Rilla Force sings of unrequited love on his latest mixtape, ‘KAWAII GIANT’

The Boston-based producer and artist joins the early aughts tradition of sharing renditions directly with fans.
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A singer-songwriter from Boston, MA that also writes blogs about music from time to time. A loud and proud as fuck member of the Alt-Black, LGBT and autistic community.

As “convenient” as streaming services such as Spotify and Apple Music can be to those without a whole lot of money to spend, there is just nothing like the feeling of going to a site such as DatPiff, MixtapeMonkey, or LiveMixtapes (maybe MediaFire or Wetransfer for the blog nostalgists), downloading a brand new mixtape, and listening to your favorite artist give their version of another existing song or beat. As a means to evade copyright laws, producers and performers would collect beats from existing singles (or a remixing of such), perform their rendition to degrees that can rank from disastrous to genius, and give it over for free as an exhibition of their talent. Each performance helps sell the talent and the versatility of said artist. KAWAII GIANT, the most recent mixtape by Boston electronic producer Rilla Force, finds him hopping aboard this bandwagon.

In an interview with Vanyaland, Rilla bemoaned how streaming kills music by putting more rules and money behind the streaming business, which means small artists never reap the benefits of having it there. He says, “Music should be inspirational, art should be celebrated and not be trapped behind a price tag.” As a result, he decided to place KAWAII GIANT on a strictly name-your-price basis on Bandcamp. However, such an approach is a red herring to the music itself. The important part about the album is its overall concept: longing for true love and poor luck in establishing such love.

The source materials for the tape are as much video game scores as they are instrumentals of classic hip hop/R&B tunes. Using the ambient braindance sample of Ridge Racer, “Player” feels like traveling through hyperspace while Rilla laments a relationship where he gets used largely for his money. A true intro for a live wire tape and a worthy demonstration of Rilla’s songwriting and producing talents. While the momentum continues with the electronic crunch of “‘04 Tekken,” it switches right over to straight R&B with “SHAKEITOFFTOP” (take a wild guess of what the source material for this one is) and tackling Slum Village’s “SELFISH.” One song imagines striking out with a mature woman, while the other imagines what would happen if a romantic courtship went smoothly.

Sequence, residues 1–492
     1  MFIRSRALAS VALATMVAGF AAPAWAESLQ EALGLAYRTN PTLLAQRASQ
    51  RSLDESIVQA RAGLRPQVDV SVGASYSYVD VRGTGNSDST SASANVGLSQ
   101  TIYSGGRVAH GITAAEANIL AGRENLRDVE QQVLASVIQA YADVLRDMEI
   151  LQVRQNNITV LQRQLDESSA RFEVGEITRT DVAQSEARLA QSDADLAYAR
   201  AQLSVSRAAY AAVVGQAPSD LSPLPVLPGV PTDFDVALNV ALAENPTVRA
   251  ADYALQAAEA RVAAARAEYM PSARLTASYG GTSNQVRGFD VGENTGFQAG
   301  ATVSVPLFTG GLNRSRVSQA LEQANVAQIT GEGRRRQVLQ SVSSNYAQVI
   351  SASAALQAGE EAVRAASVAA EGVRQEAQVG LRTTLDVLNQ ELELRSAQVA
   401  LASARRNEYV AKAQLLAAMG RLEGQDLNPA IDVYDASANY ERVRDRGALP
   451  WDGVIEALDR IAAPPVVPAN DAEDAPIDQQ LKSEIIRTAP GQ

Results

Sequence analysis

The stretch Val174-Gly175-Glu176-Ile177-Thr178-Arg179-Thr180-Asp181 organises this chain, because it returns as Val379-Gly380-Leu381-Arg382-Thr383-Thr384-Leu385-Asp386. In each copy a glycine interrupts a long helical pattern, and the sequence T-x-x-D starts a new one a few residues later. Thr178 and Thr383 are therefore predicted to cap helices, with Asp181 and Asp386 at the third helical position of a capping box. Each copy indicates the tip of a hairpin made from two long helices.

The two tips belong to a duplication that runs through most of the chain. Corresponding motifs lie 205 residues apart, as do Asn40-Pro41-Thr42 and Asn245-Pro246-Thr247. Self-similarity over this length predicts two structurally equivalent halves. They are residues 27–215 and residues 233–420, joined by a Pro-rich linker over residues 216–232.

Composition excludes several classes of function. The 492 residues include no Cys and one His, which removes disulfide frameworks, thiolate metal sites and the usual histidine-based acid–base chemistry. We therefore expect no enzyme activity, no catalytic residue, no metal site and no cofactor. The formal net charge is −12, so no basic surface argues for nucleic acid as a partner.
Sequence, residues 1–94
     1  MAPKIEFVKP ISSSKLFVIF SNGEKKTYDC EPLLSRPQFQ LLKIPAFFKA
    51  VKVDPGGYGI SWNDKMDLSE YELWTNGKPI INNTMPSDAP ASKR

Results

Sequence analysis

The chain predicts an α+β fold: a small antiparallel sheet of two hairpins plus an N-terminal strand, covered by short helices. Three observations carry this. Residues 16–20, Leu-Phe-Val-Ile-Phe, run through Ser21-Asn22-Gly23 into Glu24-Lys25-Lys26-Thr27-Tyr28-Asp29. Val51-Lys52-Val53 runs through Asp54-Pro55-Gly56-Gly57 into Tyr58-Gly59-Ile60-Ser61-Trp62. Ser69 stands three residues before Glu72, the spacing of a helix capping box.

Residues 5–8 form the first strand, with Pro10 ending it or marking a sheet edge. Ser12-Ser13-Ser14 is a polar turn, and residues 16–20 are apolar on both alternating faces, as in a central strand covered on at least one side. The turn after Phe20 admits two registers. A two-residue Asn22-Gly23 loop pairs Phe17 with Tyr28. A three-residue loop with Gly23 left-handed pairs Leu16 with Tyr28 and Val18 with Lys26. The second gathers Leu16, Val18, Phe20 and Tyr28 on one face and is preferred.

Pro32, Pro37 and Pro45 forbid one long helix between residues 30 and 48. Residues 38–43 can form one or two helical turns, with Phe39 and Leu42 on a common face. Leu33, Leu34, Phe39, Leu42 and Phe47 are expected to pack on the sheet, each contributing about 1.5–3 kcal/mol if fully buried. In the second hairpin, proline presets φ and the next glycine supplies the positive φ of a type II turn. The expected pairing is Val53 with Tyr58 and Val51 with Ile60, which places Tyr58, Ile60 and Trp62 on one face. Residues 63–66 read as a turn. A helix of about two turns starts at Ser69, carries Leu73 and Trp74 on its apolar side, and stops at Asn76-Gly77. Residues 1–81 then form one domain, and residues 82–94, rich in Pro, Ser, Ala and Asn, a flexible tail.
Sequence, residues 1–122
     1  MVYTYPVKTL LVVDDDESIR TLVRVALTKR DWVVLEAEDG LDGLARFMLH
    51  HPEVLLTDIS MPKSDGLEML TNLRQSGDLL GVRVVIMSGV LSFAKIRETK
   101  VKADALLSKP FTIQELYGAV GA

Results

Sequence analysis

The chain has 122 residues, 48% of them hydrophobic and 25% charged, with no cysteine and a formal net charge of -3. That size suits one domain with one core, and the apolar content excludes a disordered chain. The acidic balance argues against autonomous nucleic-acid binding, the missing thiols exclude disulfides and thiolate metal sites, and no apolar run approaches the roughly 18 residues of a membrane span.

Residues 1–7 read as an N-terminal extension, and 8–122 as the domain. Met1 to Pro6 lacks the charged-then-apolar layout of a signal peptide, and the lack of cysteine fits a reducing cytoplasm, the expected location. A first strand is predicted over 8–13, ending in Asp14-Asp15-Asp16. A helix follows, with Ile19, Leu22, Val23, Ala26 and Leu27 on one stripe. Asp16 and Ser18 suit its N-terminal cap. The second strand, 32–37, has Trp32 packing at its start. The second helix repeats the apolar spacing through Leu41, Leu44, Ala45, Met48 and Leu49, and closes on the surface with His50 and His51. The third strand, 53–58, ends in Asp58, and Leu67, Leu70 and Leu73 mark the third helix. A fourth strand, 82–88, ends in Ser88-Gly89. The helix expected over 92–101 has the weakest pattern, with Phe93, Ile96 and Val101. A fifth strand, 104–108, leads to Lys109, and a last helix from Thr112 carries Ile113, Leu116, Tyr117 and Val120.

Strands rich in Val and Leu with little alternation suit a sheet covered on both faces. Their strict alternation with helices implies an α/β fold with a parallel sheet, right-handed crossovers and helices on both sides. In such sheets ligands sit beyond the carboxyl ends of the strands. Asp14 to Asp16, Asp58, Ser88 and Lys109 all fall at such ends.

The song that best blends the topic of unrequited love with how the original material was remixed is “YOUDONTFREESTYLE.” Rilla matches Alicia Keys’ lovesick energy over a drum-n-bass remix of “You Don’t Know My Name,” which sports a sense of both frustration and hope for something like true love to happen. The remix transforms the original from a classic slow jam into an almost anxious one that doesn’t lose any sense of emotional urgency.

Creating a genre that blends R&B, electronica, and hip hop—Rilla christened the genre as RNBDM—KAWAII GIANT is both a nice little snack for those who haven’t yet gotten into his music and a little sum’n sum’n for those who were already on board. And if you like what you hear, “YOURWORLD” tells a story of Rilla’s hunger to “make it” in music, which indicates that as long as his heart is in his craft, there will be more material on deck.

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